The battery boom

With the maturity of hydraulic solutions, batteries are left playing catch up. Driven by the wave of innovation linked to the development of electric vehicles, they are now establishing themselves as credible alternatives. The first avenue is actually the vehicles themselves with the development of V2G, which uses car batteries as a storage vector for the network. A study by Leiden University estimates that this solution could cover all short-term storage demand by 2030. At the same time, stationary batteries intended for long-term storage are also a developing market. The largest European power storage plant of this type was recently inaugurated in Belgium. Based on Tesla’s Megapack technology, it can deliver up to 50MW of power.


The promises of hydrogen

Hydrogen is considered a suitable vector for storing excess renewable energy produced. One of the main challenges today lies in storing this particularly low density and volatile gas. One promising solution is geological storage in salt caverns, with companies such as Geostock (a VINCI subsidiary) creating reservoirs deep in the ground! Meanwhile, other players are looking into the absorption properties of certain metals to help make it easy to store this highly touted gas. A team of CNRS researchers recently won the European Inventor of the Year award from the European Patent Office for their magnesium-based storage system.


A wealth of solutions

Beyond the dominant solutions on the market, a recent surge in innovation suggests unexpected developments for electricity storage. Gravity storage (beyond hydroelectric solutions) is perhaps one of the most surprising: it consists of dropping a significant amount of weight and recovering the energy produced in the process. The Swiss company Energy Vault is already developing a power storage plant in China based on this principle with a capacity of 25 MW. Meanwhile, sand batteries used for thermal energy storage also offer great promise as they don’t require expensive materials. In the Finnish city of Kankaanpää, the company Polar Night Energy deployed the first commercial-scale sand battery with a device that has 8MWh capacity. Finally, while flywheel energy storage technology is nothing new – it’s even one of the oldest! – it could actually find its footing given the scale of demand. This technology consists of storing energy by rotating a heavy object which is then released via a generator. Energiestro, recent winners of the EDF Pulse award, uses fiber-reinforced concrete to optimise the system. Meanwhile, the startup Revterra promises to exceed the storage time limit inherent to flywheels by using new materials or suspending the rotor.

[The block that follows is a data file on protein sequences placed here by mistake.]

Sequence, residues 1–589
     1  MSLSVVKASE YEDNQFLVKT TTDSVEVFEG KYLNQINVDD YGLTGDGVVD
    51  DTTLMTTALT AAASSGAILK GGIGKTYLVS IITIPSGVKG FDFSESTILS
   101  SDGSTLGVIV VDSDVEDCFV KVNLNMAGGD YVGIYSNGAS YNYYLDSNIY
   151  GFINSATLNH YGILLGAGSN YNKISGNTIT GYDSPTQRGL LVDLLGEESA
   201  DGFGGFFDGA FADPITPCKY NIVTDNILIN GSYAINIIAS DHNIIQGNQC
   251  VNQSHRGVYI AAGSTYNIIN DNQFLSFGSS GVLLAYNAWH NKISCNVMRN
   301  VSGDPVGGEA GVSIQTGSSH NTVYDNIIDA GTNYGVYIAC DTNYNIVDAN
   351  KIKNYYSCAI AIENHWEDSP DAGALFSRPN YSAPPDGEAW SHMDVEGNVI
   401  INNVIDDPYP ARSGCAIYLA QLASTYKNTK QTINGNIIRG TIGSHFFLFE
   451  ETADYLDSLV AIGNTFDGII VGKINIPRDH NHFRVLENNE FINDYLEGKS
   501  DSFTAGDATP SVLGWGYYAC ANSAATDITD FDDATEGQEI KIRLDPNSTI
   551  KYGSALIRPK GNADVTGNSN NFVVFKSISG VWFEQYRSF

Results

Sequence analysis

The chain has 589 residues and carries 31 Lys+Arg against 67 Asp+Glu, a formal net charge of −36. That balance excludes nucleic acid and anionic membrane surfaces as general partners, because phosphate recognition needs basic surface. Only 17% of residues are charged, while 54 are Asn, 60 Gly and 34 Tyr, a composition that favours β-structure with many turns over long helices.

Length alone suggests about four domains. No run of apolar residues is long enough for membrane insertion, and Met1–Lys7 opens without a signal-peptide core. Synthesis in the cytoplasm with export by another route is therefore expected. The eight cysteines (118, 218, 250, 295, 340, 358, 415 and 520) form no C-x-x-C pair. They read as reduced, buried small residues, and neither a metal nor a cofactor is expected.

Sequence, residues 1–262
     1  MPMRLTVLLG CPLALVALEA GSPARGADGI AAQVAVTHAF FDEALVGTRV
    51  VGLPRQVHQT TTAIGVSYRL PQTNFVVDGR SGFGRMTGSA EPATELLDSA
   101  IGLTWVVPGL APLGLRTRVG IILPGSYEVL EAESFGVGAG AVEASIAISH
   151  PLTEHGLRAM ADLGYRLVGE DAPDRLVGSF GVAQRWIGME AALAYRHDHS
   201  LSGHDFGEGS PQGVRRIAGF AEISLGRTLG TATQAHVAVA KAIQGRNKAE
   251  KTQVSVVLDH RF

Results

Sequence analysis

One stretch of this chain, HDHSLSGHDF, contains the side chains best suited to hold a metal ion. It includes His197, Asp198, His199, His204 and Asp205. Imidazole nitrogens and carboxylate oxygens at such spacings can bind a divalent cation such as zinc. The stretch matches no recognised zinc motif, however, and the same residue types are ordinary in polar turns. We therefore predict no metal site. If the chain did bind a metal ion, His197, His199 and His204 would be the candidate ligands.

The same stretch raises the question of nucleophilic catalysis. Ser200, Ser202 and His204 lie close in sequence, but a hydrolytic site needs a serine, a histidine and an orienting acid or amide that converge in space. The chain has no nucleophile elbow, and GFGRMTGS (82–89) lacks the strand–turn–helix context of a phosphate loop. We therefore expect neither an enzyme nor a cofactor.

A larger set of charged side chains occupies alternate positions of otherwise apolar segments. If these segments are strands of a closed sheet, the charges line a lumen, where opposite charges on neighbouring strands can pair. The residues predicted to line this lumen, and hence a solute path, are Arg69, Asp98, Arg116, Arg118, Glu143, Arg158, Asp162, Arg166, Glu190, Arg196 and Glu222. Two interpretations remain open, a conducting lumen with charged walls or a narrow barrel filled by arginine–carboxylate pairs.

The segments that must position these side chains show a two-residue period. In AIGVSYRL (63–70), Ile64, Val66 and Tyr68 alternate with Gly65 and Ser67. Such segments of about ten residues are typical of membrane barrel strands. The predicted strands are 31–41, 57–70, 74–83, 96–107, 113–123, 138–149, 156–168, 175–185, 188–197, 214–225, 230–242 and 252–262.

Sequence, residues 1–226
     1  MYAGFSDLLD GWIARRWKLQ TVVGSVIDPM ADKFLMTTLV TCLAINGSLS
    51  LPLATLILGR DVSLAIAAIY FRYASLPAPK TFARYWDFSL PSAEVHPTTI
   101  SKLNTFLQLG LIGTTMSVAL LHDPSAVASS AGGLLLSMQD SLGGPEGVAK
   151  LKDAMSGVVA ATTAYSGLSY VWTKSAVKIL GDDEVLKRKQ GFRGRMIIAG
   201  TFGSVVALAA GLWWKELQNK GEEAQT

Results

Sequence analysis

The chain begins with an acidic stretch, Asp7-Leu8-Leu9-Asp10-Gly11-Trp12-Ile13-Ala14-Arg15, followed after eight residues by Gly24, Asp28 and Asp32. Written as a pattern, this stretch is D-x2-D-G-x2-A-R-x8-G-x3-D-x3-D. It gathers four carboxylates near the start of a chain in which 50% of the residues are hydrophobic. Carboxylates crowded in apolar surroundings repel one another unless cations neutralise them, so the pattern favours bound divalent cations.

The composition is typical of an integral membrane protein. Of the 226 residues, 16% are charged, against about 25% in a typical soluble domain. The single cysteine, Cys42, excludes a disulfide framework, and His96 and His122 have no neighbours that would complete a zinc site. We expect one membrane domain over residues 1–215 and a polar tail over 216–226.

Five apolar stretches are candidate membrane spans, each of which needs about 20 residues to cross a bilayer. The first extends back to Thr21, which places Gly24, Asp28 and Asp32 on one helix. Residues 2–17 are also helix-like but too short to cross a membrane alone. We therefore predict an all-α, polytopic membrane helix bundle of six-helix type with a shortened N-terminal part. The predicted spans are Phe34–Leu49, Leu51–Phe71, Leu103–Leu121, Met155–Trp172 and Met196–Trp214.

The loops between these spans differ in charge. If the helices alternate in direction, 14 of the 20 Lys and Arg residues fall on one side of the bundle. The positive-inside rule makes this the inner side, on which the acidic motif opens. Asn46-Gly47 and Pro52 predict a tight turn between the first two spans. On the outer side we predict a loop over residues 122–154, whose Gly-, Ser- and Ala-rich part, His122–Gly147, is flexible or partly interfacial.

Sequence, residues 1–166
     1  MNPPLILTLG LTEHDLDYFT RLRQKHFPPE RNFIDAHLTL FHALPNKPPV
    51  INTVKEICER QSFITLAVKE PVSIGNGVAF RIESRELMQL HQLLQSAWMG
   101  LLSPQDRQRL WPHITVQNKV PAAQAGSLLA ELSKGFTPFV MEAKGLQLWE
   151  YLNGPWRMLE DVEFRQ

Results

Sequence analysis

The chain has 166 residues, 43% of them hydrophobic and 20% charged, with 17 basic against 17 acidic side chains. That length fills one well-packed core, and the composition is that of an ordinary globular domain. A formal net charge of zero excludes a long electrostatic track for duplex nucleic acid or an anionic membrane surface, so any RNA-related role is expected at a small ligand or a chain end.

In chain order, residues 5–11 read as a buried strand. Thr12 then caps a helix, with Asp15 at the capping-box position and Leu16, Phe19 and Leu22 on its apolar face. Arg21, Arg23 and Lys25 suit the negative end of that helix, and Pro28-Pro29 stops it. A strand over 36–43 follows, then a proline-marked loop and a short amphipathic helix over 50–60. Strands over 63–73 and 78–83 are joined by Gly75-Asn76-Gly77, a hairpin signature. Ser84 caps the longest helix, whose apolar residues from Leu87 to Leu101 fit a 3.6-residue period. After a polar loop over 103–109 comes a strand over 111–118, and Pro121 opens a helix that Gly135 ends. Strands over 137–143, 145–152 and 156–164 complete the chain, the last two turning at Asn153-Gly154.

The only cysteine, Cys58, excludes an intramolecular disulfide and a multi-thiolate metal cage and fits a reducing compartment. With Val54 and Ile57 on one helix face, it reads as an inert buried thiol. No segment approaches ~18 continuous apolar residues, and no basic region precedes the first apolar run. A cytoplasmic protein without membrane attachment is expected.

From ancient technologies to the most futuristic, individual solutions to large power storage plants, the electricity storage sector is gathering high speed momentum – a necessity for the challenges facing the energy transition.